There was a surprise jump in inflation in Britain in July.
It inched up to 2.6 percent from 2.4 percent in June – that was the first increase since March.
Factors included airfares rising sharply and less of a cut that expected in clothing prices.
Last week, the Bank of England slashed its inflation forecast, saying it sees consumer prices nearly back at the Bank’s two percent target by the end of this year. That leaves expectations for more central bank stimulus intact for now.
Analysts said the July figures were bucking a broader trend. “We really need to take the June and July figures together and this implies that the downward trend in prices remains in place,” James Knightley, an economist at ING, said.
“The rise in oil prices and food commodities presents some risks for headline inflation in coming months, but with the weak economy implying only limited corporate pricing power we still expect inflation to fall below two percent by the end of the year,” he added.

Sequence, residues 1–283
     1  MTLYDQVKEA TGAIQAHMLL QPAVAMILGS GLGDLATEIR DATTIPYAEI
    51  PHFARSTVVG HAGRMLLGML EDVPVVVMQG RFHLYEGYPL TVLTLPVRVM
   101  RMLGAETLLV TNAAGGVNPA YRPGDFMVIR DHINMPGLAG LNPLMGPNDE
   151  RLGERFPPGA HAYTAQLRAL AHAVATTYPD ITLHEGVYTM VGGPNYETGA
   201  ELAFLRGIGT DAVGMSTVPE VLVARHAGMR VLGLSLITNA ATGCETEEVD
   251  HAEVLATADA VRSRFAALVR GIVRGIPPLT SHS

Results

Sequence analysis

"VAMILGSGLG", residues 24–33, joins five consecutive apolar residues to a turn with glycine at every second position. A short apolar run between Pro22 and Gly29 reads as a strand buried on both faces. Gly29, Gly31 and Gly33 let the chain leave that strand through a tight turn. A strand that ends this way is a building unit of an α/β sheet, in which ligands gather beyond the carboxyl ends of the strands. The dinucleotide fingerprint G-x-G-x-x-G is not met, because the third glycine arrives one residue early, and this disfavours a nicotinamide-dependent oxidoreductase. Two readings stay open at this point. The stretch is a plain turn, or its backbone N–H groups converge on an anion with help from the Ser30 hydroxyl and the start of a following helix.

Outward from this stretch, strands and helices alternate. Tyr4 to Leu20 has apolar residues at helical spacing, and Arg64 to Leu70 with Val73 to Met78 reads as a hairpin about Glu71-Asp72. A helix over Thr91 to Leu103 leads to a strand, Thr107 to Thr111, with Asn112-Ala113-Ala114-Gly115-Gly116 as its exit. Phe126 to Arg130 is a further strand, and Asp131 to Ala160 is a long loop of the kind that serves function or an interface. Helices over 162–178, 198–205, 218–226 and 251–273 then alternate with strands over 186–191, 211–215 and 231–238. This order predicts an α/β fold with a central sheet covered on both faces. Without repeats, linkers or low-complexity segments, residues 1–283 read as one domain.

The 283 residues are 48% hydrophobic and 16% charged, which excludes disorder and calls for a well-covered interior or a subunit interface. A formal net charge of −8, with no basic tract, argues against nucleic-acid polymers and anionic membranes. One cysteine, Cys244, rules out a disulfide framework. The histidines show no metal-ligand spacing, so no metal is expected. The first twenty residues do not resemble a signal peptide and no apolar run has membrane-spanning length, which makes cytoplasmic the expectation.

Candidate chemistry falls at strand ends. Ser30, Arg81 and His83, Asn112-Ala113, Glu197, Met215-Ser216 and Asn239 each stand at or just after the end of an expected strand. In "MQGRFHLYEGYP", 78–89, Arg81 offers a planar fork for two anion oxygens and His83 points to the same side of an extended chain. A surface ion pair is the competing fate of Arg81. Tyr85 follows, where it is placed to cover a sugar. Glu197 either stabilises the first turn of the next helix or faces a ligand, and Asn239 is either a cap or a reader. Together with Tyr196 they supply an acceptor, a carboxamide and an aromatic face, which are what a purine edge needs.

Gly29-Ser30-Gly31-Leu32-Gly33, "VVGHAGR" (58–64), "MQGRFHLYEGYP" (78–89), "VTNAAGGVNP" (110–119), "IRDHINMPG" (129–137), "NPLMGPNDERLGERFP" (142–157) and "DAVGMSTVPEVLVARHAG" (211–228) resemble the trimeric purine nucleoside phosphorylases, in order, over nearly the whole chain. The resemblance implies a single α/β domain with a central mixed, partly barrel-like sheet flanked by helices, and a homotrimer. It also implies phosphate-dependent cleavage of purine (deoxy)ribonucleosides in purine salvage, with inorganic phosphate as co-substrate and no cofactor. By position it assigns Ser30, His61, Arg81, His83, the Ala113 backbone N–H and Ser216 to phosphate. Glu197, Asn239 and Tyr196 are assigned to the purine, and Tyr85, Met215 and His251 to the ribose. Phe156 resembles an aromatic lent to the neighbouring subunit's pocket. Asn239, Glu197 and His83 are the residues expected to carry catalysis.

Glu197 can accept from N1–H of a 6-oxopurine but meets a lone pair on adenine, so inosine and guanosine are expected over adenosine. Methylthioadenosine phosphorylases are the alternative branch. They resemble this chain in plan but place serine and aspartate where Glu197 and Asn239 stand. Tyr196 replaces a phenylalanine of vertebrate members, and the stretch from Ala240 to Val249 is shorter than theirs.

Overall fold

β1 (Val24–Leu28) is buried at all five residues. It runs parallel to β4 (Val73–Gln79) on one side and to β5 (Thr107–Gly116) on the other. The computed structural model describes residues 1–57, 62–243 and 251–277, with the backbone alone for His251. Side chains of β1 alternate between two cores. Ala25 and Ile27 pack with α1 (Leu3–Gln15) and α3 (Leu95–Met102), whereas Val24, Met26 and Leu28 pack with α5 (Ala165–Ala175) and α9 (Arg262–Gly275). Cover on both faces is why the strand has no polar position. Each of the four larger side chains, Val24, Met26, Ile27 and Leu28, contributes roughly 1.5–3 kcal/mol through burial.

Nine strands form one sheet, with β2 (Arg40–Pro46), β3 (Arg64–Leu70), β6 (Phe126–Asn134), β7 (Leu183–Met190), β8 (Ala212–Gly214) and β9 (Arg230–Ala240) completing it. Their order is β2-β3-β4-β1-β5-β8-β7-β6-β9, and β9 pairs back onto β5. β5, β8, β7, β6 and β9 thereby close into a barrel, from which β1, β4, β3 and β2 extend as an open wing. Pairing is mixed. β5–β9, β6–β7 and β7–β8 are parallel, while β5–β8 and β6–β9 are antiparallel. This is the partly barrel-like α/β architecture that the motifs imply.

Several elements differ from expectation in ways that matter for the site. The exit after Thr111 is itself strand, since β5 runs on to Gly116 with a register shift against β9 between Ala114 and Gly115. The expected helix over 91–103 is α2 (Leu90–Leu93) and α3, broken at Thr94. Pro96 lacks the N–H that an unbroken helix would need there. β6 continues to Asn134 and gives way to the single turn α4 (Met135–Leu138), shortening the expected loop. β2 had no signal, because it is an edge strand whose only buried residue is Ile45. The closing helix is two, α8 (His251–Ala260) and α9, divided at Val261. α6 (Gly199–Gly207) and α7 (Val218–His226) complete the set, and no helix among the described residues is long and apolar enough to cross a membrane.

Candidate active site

A fall in inflation is seen as a crucial ingredient for a recovery from the recession the economy tipped into around the turn of the year.
“Inflation has halved since its peak in September but any increase is disappointing,” a finance ministry spokesman said. “The government knows how tough things are for families at the moment.”
Many Britons have experienced the worst squeeze in living standards in over 30 years and scaled back spending as higher taxes and rising prices have eaten up meagre wage increases.
Inflation has fallen sharply from the three-year peak of 5.2 percent hit in September 2011, and June’s fall had been much sharper than expected, driven in part by the early summer sales.